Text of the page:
'Young people are being locked out of all housing options in the South East'
New research has revealed that plans to extend the Local Housing Allowance cap could make even social housing too expensive for young people on lower incomes in the South East. Dr Kesia Reeve, of Sheffield Hallam Univesity's Centre for Regional, Economic and Social Research, explores the problem.
Over the past six months we have been working with CASE (a consortium of ten housing associations in the South East of England) to explore the housing challenges facing younger people (16-34 year olds) in the region and to consider how housing associations can be part of the solution. Our research, published this week, shows clearly that the difficulties facing younger people, particularly those on low incomes, are considerable. And they are set to worsen as the Government forges ahead with plans to introduce LHA caps into social housing.
The difficulty facing 'generation rent' in accessing home ownership has been given considerable media and policy attention but our research suggests that, in the South East at least, 'generation rent' cannot even afford to rent. Our analysis shows, for example, that 51% of all younger people in the South East cannot afford the cheapest rents and that median rents are unaffordable for the majority (76% of 16-34 year olds, and nearly all under 25s).
In this context, the social rented sector has a crucial role to play in meeting younger people's housing needs. Indeed, the social rented sector accommodates around 60 per cent of younger people in receipt of housing benefit in the South East.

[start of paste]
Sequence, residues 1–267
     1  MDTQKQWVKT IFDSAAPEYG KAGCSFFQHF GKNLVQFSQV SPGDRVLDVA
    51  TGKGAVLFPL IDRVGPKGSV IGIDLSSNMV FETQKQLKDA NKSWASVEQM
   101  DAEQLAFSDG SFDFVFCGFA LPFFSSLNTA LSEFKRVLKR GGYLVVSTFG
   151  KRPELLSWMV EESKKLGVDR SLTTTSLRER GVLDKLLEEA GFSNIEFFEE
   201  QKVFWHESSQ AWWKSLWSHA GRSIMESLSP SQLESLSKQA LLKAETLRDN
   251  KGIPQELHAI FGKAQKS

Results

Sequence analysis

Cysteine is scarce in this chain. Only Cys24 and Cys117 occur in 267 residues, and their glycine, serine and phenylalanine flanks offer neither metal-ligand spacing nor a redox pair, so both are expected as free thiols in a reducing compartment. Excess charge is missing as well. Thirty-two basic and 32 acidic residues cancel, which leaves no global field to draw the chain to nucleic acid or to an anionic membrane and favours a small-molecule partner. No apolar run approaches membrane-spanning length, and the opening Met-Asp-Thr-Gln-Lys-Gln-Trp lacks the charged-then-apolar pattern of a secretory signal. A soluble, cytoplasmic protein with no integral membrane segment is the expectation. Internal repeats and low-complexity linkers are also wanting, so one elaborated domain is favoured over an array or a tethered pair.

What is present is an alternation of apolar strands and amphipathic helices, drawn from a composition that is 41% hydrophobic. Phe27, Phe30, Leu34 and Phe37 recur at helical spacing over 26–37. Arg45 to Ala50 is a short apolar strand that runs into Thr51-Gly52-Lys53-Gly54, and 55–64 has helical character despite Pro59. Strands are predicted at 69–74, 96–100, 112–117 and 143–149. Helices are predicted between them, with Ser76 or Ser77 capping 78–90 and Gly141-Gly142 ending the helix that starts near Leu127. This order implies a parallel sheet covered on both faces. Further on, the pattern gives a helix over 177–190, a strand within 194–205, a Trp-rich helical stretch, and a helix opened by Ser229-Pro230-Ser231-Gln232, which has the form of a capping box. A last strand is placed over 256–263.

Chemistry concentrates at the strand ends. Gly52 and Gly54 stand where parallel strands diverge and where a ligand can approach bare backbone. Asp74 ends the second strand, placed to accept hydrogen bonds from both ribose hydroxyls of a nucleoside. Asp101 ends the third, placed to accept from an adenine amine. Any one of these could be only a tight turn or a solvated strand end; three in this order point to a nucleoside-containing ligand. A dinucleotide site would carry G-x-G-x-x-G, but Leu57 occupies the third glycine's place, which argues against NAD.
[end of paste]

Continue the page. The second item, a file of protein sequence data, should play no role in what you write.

Any reduction in the number of social rented tenancies available to younger people is, therefore, likely to propel a greater number into housing crisis. Our analysis suggests that introducing LHA caps into social rented housing undermines the affordability of this tenure for younger people. In the South East, the majority (84%) of younger people in receipt of benefits would face a shortfall between their rent and their housing benefit if the Shared Accommodation Rate (SAR) were applied. And the shortfall they would face is significant: a massive £55 per week on average.
The reason for this is not that social housing is expensive - we know it is not - but that shared accommodation is simply not available on the scale required. Housing associations will, therefore, be hampered in their efforts to meet the needs of younger people in a post-LHA cap world by the nature of the homes they own, and the procedures they share with local authority partners regarding the allocation and management of those homes. We applaud the CASE partners for commissioning this research in the hope of answering the question: 'What can we do to help and how can we develop affordable solutions for younger people?" Our concern is that others, considering the SAR as an unsurmountable risk, will cease to rent social housing to younger people on low or insecure incomes, effectively restricting the only tenure that remains affordable to younger people in some parts of the country.
The word crisis is over-used but it is not an inappropriate term to convey the depth and severity of the problems facing younger people in the contemporary housing system in England.